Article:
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For an antidote to today’s identitarian leftism, look to old-school radicals like CLR James

by Benjamin Schwarz

In the interests of efficiency, I’ll start by asserting — not arguing — some propositions: In their discussions of cultural life and of societal trends, the organs of American educated opinion (the New York Times, NPR, the New Yorker, et al.); the faculty and students at our elite prep schools, colleges, and universities; and the members of the metropolitan class who read those publications and emerge from those institutions, frequently and increasingly assert, rather than argue, a set of vaguely interlocking propositions and slogans concerning (I’ll spare the scare quotes) white privilege, social justice, systemic racism, diversity, inclusivity, microaggressions, and the intellectual and cultural heritage — irrelevant at best, baneful at worst — of dead white males.

Although both the champions and critics of these propositions characterise them (and the attendant attitudinising) as ‘political’, they are nothing of the sort. They are merely gestural. Lacking subtlety and depth, they amount to the intoning of shibboleths unsupported by reasoned, detailed, systematic analysis and argument. An orthodoxy has taken hold of intellectual, cultural and academic life, an orthodoxy nurtured and protected by an overweening and aggressive sense of virtue and righteous aggrievement that permits it to go unchallenged by the scepticism and bracing scrutiny that used to characterise — in fact to define — intellectual, cultural and academic life.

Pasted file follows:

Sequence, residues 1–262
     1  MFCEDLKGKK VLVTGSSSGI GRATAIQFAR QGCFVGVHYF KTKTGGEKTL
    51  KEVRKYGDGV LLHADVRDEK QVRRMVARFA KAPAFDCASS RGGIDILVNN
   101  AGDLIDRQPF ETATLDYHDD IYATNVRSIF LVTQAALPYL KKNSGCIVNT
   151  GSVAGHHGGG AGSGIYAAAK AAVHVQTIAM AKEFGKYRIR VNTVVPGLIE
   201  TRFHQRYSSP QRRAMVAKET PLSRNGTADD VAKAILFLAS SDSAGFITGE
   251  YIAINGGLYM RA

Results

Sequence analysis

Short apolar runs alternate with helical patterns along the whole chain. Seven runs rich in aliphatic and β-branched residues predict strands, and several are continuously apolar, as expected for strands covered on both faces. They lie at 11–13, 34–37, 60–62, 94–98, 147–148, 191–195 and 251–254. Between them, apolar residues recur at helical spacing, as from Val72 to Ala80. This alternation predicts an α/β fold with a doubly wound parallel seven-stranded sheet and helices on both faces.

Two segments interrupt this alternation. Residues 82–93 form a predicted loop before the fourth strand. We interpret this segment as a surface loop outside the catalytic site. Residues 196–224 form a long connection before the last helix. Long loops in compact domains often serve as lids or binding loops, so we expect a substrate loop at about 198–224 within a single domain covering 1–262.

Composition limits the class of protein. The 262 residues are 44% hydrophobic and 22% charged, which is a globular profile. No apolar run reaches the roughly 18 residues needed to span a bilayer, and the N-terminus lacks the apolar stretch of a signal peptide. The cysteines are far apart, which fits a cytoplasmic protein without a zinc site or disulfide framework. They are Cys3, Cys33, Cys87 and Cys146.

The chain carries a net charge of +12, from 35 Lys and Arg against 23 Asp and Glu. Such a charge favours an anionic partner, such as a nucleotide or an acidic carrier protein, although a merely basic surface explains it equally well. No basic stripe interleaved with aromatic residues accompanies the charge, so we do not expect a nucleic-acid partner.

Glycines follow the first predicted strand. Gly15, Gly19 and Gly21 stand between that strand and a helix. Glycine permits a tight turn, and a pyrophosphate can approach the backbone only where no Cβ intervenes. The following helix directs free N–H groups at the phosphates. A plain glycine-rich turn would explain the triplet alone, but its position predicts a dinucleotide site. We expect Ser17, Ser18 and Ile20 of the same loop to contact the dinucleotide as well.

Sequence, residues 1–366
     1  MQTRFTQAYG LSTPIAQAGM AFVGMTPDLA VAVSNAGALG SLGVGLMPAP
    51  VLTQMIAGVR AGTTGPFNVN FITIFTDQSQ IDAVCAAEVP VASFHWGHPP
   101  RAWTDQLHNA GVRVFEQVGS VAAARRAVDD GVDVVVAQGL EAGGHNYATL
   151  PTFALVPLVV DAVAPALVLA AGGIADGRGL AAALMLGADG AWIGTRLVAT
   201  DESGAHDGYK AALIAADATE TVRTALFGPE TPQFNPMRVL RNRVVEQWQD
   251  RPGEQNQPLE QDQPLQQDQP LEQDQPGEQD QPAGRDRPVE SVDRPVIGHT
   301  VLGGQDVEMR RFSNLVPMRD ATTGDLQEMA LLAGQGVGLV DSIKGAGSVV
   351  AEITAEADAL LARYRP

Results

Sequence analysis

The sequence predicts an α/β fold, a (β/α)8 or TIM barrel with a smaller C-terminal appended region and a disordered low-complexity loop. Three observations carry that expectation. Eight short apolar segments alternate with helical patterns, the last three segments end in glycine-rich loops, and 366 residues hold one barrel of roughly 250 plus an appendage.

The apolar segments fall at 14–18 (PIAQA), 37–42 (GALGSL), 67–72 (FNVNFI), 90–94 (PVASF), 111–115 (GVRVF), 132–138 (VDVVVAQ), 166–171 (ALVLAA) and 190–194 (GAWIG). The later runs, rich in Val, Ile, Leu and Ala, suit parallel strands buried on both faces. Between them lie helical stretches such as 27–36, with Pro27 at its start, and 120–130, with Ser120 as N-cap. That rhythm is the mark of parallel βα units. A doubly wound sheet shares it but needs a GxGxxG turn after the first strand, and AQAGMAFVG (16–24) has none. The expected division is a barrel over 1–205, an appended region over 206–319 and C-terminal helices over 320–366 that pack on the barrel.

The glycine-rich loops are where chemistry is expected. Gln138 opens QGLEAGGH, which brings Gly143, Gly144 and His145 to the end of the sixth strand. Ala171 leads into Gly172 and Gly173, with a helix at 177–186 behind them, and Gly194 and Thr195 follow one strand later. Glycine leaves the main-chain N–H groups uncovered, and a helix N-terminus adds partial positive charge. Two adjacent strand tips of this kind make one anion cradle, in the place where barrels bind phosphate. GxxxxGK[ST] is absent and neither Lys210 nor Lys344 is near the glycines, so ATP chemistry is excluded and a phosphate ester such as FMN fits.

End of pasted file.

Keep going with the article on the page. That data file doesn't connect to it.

Bearing in mind the crucial distinction that attending to aspects of a tradition does not imply endorsement of an entire tradition, let us briefly consider two revolutionaries. The first is Karl Marx, himself. The second, CLR James — the black Trinidadian pan-Africanist and anti-colonialist activist, socialist political organiser, stalwart anti-Stalinist, founder of the Johnson-Forest Tendency within the Trotskyist Workers’ Party; a profound historian (Black Jacobins: Toussaint L’Ouverture and the San Domingo Revolution), a novelist (Minty Alley), an innovative and subtle literary critic (Mariners, Renegades and Castaways: The Story of Herman Melville and the World We Live In), a film critic, a rigorous Marxist theoretician (Notes on Dialectics: Hegel, Marx, Lenin), and the greatest writer on cricket in history (Beyond a Boundary).

Please, continue reading on Spiked website, November 8, 2018.

on 16.02.2019 at 15:46

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